mistresses cannot be allowed to enter the fort in search of their slaves, because it is improper that any one not belonging to the garrison should enter Fort Pickering or even follow its lines and ditches on the outside. A list of negroes so employed will be kept at headquarters, which may be seen by parties interested.
II. The post quartermaster, Captain Fitch, will in like manner employ a force of about 100 negroes out of those who apply to him for work or he may on occasions take by force when he thinks it absolutely necessary to have an increased for work on the levee, loading and unloading steamboats, coal-boats, and such like labor, a list of whom, similar to that referred in Paragraph I will be kept by the quartermaster and a copy sent to headquarters for reference. These will in like manner be entitled to rations, necessary clothing, and tobacco, but the pay must be reserved until the proper judicial tribunals determine to whom such labor and wages belong.
III. Division quartermasters may employ fugitives to drive teams and attend to horses, mules, and cattle, keeping accurate accounts under the rules of their department applicable to "Persons and articles employed and hired," and subject to the condition of Paragraph I of this order, this list of persons so employed to be sent to headquarters for reference; the number of negroes so hired not to exceed one per team and one to every six span of animals herded or stabled.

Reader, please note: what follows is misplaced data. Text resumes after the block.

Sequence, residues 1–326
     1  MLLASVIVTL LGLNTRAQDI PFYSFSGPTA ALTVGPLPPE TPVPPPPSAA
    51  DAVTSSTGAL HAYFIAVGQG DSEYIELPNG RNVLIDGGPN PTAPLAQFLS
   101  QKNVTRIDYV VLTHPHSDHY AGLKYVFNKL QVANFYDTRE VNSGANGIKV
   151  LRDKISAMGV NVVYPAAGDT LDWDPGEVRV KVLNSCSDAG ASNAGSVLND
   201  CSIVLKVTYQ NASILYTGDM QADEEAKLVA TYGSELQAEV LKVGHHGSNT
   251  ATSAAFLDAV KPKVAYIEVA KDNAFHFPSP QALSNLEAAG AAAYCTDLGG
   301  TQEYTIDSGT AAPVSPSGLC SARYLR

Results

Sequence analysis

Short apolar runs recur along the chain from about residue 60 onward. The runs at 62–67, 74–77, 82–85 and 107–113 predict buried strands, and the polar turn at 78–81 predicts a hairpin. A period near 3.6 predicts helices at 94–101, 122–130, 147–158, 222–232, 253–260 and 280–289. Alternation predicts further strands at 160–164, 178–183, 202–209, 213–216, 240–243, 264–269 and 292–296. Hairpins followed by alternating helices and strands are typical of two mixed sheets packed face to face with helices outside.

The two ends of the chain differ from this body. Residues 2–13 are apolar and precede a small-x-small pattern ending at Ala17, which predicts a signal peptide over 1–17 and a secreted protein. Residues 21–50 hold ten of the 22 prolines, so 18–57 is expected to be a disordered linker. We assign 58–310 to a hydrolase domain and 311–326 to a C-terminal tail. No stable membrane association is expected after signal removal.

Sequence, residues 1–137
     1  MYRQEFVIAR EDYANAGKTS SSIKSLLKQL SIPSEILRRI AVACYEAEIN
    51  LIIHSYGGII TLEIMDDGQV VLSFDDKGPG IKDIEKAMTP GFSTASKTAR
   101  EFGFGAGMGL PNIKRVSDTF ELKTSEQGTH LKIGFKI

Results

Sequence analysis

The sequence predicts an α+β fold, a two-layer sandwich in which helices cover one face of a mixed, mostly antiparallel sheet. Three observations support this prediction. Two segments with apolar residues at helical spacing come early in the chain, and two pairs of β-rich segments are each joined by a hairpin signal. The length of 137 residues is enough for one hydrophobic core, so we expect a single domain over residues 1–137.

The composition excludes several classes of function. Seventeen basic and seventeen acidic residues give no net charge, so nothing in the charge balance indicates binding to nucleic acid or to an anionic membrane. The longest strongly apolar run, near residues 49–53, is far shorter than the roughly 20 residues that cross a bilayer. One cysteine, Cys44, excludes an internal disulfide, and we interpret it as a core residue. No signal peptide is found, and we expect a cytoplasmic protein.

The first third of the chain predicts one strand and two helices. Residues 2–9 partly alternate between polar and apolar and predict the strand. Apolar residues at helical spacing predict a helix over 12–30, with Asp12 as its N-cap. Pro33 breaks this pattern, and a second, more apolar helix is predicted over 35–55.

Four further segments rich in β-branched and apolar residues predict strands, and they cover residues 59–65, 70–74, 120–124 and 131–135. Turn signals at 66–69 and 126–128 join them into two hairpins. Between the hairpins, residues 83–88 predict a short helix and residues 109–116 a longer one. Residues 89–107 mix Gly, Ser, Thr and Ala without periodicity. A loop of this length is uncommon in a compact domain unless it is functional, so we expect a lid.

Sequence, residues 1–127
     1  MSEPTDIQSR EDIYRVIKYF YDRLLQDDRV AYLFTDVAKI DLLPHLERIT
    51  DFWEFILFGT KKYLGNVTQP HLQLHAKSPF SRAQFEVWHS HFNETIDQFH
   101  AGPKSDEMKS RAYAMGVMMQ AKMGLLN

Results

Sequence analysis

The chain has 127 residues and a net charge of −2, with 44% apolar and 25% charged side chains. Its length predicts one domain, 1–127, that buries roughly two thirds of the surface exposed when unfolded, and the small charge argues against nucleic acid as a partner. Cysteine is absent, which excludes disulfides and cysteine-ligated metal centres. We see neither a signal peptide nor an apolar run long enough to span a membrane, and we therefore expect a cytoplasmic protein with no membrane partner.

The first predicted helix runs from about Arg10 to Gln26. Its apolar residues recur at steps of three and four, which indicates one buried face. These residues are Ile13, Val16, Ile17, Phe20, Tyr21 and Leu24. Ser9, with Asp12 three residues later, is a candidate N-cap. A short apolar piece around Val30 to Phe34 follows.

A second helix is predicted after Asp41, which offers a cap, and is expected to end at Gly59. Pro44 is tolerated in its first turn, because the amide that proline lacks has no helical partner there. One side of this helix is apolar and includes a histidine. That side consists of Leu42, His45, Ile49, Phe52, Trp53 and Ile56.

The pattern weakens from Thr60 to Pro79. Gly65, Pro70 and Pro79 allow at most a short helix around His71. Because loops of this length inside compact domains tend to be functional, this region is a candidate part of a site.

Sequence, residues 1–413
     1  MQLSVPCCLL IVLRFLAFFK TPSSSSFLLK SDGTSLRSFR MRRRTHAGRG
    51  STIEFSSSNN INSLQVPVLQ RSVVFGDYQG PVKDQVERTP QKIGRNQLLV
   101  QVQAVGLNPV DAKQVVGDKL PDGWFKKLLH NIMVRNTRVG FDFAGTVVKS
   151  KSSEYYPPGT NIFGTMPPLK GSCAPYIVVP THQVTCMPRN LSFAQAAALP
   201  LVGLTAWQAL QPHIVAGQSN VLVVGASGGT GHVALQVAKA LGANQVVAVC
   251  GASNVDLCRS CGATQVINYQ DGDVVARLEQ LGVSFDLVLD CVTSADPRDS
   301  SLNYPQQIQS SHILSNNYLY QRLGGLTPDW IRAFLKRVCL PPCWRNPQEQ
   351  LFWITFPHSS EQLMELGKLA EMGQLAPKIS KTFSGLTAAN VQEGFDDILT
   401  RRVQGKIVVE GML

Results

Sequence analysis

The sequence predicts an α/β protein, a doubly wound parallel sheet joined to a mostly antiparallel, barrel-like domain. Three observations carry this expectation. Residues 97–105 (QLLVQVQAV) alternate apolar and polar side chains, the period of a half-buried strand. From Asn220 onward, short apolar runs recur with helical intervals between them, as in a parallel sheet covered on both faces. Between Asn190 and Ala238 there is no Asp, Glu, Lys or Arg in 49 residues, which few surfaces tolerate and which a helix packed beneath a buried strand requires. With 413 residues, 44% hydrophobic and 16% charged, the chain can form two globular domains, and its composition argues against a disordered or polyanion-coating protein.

IV. The commanders of regiments may cause to be employed as cooks and company teamsters not to exceed 5 per company and 10 per regiment for extra wagons, and 5 for staff wagons; in all, 65 per regiment; which negroes shall be borne on the muster-rolls and supplied with provisions and clothing as soldiers, but in no case will they bear arms or wear the uniform. The quartermaster of the division will supply regimental quartermasters with clothing suitable for such negroes, an account of which will be kept separate and distinct from that of the soldiers. These negroes must be kept to their appropriate duties and place, and the question of wages must remain open and unsettled until the orders of the President are received, or until fixed by subsequent regulations.
V. The commanding general here thinks proper to make known to the people of Memphis the principles by which in the absence of instructions from his superior officers he will be governed in all cases arising under these complicated questions. It is neither his duty nor pleasure to disturb the relation of master and slave;. that is for the courts, which having been destroyed here by our enemy, are inoperative for the present; but in due course of events there must and will be tribunals re-established here that will judge and decide in cases which have already arisen or may arisen under the laws and Constitution of the United States. Then loyal masters will recover their slaves and the wages they have earned during their temporary use by the military authorities; but it is understood that all masters who are in open hostility to the Constitution of their country will lose their slaves, the title to which only exists by force of that very Constitution they seek to destroy.
No influence must be used to entice slaves from their masters, and if fugitives desire to return to their masters they will be permitted to do so; but on the other hand no force or undue persuasion will be permitted to recover such fugitive property.
Officers of the army, from generals to lieutenants, must not employ such fugitives for servants. The Government provides to each officer a distinct pay for his servant, and this is ample for the hire of a free man. Were we to employ such fugitives as servants our motives would